“We conclude that the statutory goal of ending child poverty by 2020 will in all likelihood be missed by a considerable margin, perhaps by as many as 3 million children. We conclude too that the economic recovery…is unlikely to halt the trend of the last decade, where the top part of society prospers and the bottom part stagnates. If that happens social inequality will widen and the rungs of the social ladder will grow further apart. Poverty will rise. At best, mobility will stall. At worst, it will reverse.”

Unfortunately, no-one – absolutely no-one – in British politics is really serious about backing-up their pious invocations with practical action. An intermittent harrumph of indignation is followed well, by, nothing.


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Britain needs to have a grown-up debate on immigration

19/11/2013, 06:50:50 PM

by Callum Anderson

Marks & Spencer. Selfridges. EasyJet. Tesco. Know what these iconic British brands have in common? That’s right, they were all established by immigrants. Immigration has always been one of those issues that has never quite completely left the consciousness of British politics. However, over the last ten years, the issue of immigration has become more nuanced: unfortunately the standard of debate has not.

One Nation Labour must begin to not only tackle the right of the Conservative party and the reactionary media (I think you know who I mean), but also the legitimate concerns of citizens, some of who have become concerned with the scale of immigration. There are two vitally important elements that we, as a country, must consider: the first is to decouple race from the immigration debate, and secondly, that economic and social considerations must both be taken into account when devising policy.

But first, let’s take a look at the facts. Britain has undoubtedly benefited from immigration. Almost all Brits, regardless of background, glowed with pride at the country’s diversity displayed during the opening ceremony at the London Olympics. Whether it be through literature, cuisine, music or sport, Britain continues to lead the way in welcoming, and assimilating (although sometimes slowly) new immigrants. And the evidence shows that immigrants more than pay their way.

Recent research by the Centre for Research and Analysis of Migration (CReAM) has showed that between 2001 and 2011, European Economic Area (EEA) immigrants made a net fiscal contribution of £22.1 billion to the UK public finances, whilst non-EEA immigrants made a net contribution of £2.9 billion. In other words, immigrants contributed far more in taxes and economic output than they took back in benefits. This is to be compared to us natives, who cost £624.1 billion during the same period.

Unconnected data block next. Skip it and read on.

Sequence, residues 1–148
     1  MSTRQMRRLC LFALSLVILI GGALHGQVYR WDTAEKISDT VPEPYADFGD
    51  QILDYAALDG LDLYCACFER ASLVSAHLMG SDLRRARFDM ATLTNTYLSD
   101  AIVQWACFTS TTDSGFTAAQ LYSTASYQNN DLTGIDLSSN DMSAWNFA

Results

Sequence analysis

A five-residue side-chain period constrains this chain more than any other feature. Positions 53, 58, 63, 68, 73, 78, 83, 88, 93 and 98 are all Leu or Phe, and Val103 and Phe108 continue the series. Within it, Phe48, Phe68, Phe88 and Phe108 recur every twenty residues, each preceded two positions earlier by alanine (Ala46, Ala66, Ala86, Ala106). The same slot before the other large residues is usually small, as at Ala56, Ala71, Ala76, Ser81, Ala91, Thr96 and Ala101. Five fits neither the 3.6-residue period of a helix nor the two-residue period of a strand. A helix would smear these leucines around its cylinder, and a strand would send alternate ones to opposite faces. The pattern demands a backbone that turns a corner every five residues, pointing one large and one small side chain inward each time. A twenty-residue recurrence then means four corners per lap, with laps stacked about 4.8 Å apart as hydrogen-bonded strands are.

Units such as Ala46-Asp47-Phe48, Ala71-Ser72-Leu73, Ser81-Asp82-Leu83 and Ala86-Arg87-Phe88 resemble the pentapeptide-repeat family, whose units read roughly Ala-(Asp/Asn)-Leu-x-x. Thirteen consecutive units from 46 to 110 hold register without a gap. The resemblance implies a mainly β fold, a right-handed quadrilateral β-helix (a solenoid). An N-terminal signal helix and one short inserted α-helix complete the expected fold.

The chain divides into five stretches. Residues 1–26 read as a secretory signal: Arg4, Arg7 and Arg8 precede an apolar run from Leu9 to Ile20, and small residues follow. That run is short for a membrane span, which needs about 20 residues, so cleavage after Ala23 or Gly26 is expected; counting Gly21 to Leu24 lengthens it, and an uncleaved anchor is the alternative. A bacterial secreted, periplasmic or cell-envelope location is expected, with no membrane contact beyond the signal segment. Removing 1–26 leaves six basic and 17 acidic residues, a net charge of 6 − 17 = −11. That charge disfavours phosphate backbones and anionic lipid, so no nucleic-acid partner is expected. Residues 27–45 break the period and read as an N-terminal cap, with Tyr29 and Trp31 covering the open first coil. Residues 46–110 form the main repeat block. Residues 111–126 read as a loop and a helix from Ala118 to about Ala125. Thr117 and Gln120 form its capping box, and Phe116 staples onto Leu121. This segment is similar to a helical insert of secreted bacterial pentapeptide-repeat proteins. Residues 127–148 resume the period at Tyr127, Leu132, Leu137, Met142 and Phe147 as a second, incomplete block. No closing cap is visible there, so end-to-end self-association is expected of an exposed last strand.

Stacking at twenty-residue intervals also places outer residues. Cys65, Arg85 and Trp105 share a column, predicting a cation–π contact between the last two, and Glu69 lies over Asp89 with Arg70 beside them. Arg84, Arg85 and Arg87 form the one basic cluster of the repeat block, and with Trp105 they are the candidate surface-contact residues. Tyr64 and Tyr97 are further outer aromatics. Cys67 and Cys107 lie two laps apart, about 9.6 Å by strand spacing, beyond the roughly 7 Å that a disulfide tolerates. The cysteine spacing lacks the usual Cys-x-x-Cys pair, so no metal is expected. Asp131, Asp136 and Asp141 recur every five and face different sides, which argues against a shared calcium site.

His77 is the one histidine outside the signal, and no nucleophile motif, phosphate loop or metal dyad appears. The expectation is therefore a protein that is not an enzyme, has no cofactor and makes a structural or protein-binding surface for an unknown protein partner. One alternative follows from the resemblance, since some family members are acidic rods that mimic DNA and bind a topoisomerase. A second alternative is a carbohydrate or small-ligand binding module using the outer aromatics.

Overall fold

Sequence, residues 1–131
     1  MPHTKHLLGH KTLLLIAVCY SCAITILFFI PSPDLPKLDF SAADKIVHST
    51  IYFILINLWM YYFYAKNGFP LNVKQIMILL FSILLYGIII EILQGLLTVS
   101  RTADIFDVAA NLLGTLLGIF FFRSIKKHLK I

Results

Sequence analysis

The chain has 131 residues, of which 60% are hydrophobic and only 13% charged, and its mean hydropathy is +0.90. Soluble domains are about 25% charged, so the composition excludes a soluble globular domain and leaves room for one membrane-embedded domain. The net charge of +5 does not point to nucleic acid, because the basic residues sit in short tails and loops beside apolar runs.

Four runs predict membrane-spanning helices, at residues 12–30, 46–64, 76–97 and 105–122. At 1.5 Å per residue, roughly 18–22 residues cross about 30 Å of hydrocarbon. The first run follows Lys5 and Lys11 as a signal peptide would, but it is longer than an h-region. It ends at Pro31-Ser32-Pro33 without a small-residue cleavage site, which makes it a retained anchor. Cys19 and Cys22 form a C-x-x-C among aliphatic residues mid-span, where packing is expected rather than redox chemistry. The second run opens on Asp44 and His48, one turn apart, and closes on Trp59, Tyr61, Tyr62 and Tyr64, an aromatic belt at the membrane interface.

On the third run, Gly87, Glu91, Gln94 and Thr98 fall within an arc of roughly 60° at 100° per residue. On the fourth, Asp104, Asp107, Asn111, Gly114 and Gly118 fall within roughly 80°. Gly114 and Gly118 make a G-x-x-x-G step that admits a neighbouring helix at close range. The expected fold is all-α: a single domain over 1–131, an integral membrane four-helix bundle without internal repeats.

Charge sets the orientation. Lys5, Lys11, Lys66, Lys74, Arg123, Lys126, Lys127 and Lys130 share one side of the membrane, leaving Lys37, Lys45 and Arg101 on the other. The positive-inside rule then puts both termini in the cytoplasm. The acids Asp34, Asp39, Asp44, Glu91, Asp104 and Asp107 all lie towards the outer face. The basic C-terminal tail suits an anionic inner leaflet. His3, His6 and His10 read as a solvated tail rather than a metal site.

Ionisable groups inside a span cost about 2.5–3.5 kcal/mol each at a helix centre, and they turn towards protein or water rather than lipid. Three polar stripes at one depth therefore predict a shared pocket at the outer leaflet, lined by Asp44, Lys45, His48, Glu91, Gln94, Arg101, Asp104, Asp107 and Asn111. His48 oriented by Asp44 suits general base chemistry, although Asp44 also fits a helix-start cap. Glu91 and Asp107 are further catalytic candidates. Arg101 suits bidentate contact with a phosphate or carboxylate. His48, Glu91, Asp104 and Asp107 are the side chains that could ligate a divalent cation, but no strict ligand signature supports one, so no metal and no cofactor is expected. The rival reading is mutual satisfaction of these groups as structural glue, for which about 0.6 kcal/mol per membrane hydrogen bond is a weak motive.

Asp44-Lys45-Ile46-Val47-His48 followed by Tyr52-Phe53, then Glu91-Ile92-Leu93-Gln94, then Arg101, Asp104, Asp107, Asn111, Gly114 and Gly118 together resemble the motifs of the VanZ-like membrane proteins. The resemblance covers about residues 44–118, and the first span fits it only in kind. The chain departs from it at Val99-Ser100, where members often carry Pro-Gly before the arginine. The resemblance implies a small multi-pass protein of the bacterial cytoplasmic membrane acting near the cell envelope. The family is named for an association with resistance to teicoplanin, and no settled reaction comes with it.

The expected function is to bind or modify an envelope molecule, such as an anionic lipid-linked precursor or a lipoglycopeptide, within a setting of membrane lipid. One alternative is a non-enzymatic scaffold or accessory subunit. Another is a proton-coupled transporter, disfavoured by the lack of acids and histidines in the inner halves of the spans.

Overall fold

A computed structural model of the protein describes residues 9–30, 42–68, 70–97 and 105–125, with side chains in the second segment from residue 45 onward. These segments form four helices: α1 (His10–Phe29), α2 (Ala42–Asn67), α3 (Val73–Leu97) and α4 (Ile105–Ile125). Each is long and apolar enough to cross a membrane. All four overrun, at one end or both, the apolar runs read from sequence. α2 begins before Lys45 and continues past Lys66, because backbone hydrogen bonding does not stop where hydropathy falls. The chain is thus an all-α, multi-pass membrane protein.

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New revelations expose contradictions in the Labour leadership’s story on Falkirk

19/11/2013, 01:36:38 PM

by Atul Hatwal

Another week and yet more twists in the Falkirk story.

Over the weekend, Unite’s response to the Labour party’s internal report on Falkirk was published by the Sunday Times (£). It sheds more light on Labour HQ’s involvement in the affair as well as revealing an important new allegation of malpractice.

To understand what happened, we need to wind the clock back to last December.

Unite had sent large batches of new Falkirk membership applications to Labour head office for approval. The bulk of these were Unite members joining the party under the terms of the now defunct “union join” scheme. This allowed Unite, or any union, to pay the first year’s membership subscription for any of their members who wanted to join Labour, as long as the application included the new recruits’ direct debit details to cover future years’ subscriptions.

Rapid processing of these applications was required if these new members were to be eligible to participate in the selection. According to party rules, new members can only take part in picking the prospective parliamentary candidate if they have “six months continuous membership of the Labour party (any constituency) at the freeze date.”

The freeze date is the point at which the selection process is declared open. Given the Falkirk selection was expected to take place in May or June, timing was tight for Unite’s surge of new recruits from November and December 2012 to have built up “six months continuous membership”.

There was almost no margin for delay.

But delay is exactly what happened. Suspicious party officials flagged several applications, worrying that party processes were being manipulated and because direct debit details were frequently missing.

This presented two challenges for Unite and Labour.

First, adding the missing direct debits would have been very time consuming, significantly delaying registration of the new members.

Second, even if these memberships could be somehow quickly readied to be put on the system, late January would have been too late to qualify if the contest was held in the first half of the year.

Labour HQ’s role in fixing these problems reveals the depth of the party’s involvement in backing Unite’s strategy in Falkirk.